USC is committed to conducting its biomedical and behavioral research involving human subjects under rigorous ethical principles, according to Cornelius W. Sullivan, the vice provost for research.
The university’s Institutional Review Boards are empowered to review all human subjects research proposals, funded or not, which are conducted by faculty, staff, graduate or undergraduate students which involve the use of human subjects, Cornelius said.
Most of the human subjects research on the University Park campus is conducted by students. However, until recently, students were not involved in the formal IRB review process, said Susan Rose, executive director of the Office for the Protection of Research Subjects (OPRS).
Rose was instrumental is establishing an IRB student mentor/member position in order to represent and assist student researchers on the UPC and to give students a “voice” in the process.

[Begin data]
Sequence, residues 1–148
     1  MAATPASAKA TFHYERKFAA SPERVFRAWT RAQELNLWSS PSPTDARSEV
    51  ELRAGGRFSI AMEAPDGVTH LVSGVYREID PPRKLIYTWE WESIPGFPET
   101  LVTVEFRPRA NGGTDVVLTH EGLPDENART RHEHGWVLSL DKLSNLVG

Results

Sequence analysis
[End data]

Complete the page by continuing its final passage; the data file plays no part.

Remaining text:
She said funding for the graduate assistantships comes through the provost’s office, with full support from the provost.
“This is an academic institution,” Rose said, “and students are our ‘currency.’ It’s important to have students included in the entire process and that includes participation in the review process.”
While the bulk of human subjects research at UPC is unfunded, regulations only apply to federally funded projects. Rose said USC has agreed to give the same scrutiny to all human subjects research.
Student mentors are chosen for their research experience in their own field of expertise; commitment to the USC community; knowledge on human subjects protection in research; and desire and ability to mentor undergraduate and graduate students.
Shuang Frances Wu began her position in the fall 2004, and Maristela Cho will assume the role this summer.
Wu and Cho are in the USC Rossier School of Education. Wu is a doctoral student in higher education policy and organization and will graduate in August. Cho is a doctoral student concentrating on teacher education in multicultural societies with a specialization in language and literacy education and is on track to graduate in 2007.
The student mentor can be reached via e-mail at: firstname.lastname@example.org.